Your Free Range Days Are Over!

Last year we learned an important homesteading math lesson.

(Chickens + planting a garden) x (no fence)= fat chickens/no plants.

The chickens have been contained!

It was time.

I constantly worried about predators and neighborhood dogs (not to mention Isis) having free access to the flock.  We knew that we would have to build an enclosure and new coop for the Mepmeps.

Until last week our flock had spent their entire life here without fences.  Now, they have been mercifully contained.

It started with funds from Gofundme (THANK YOU TO EVERYONE!) and ended in a blaze of cooped-up-fenced-in glory!

DSCF5939We decided to go with an A-frame to get maximum ground cover as chickens are not tall animals.


We also decided that the best spot on th property for it was closer to the road (as opposed to closer to the forest and all the horrible forest monsters.)  Plus that part of the property is leafy and marshy so it is full of bugs and grubs.


After relocating the coop and raising it off the ground it was time to wrap the hell out of it with chicken wire.  We brought it around the bottom of the frame and up before adding the plywood walls.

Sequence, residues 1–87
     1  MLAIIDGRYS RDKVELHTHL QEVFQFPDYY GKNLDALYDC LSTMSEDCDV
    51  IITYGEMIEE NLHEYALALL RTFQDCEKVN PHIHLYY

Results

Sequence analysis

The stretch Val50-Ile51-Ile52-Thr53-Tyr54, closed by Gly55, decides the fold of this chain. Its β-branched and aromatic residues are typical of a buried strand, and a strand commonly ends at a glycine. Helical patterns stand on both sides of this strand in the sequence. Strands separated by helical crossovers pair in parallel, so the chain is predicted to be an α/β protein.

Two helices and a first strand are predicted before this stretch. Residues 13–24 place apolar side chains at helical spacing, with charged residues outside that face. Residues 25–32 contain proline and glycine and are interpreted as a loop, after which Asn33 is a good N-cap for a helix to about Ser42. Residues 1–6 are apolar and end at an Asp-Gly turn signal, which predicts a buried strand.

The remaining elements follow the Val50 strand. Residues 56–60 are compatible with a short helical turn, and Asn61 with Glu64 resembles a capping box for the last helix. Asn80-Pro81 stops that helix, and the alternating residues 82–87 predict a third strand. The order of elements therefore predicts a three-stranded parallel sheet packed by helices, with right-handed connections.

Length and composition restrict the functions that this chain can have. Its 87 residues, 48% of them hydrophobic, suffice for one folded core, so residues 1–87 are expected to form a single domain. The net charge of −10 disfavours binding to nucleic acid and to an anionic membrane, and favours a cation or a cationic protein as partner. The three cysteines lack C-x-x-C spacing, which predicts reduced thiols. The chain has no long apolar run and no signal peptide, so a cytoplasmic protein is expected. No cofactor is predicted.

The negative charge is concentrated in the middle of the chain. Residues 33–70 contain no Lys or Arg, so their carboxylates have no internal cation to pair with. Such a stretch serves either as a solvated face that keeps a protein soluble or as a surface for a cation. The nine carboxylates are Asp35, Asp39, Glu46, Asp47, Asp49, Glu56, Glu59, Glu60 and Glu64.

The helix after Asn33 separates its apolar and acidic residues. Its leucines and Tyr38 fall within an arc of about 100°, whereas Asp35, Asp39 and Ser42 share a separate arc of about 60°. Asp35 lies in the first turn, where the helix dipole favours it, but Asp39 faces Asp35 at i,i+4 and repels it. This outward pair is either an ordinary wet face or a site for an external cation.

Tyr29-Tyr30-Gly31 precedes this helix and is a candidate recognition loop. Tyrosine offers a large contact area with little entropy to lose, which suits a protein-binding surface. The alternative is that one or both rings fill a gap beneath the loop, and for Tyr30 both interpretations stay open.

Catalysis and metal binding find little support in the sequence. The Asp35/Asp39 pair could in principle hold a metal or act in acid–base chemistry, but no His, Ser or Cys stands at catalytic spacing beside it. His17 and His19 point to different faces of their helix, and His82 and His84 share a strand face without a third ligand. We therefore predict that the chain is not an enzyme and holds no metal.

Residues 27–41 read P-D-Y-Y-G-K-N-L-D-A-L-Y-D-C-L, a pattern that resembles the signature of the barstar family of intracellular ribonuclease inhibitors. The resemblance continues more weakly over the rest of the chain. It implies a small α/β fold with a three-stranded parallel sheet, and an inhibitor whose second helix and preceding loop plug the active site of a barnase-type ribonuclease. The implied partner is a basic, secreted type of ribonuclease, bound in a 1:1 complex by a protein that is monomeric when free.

This way we would have good ventilation for the summer heat and plenty of protection (knock on wood) from varmints.


We gave it a good 4×8 skylight and added the hay.



Luna was beyond disappointed when I brought the chickens over.  After I took this picture I came back she had curled up in the straw as if to say, “you are right I do deserve my own house, thanks guys!”



The chickens were less impressed since they were now confined to a very generous yet disappointing amount of land.



It is hard to see but we have 5′ horse fence around the run.  For the first few days they were VERY unimpressed with the new limitations and wore a track down along the fence perimeter.

I on the other hand, was really happy.  Now there was a big strong fence in-between them and all the things that are waking up hungry and would love chicken for dinner.

We sealed the wood with exterior paint.



And even though we gave them plenty of milk crates for laying boxes they pulled all the hay out of them and made nest right in front of them.

I think this may have been some sort of protest.




All in all they seem to be adjusting rather well to the new arrangement.




It is plenty of space for them and now we can start planting the rest of the property!


Goodbye grass. Hello corn!

I hope we don’t find too many rocks…


Oh.  Never mind.



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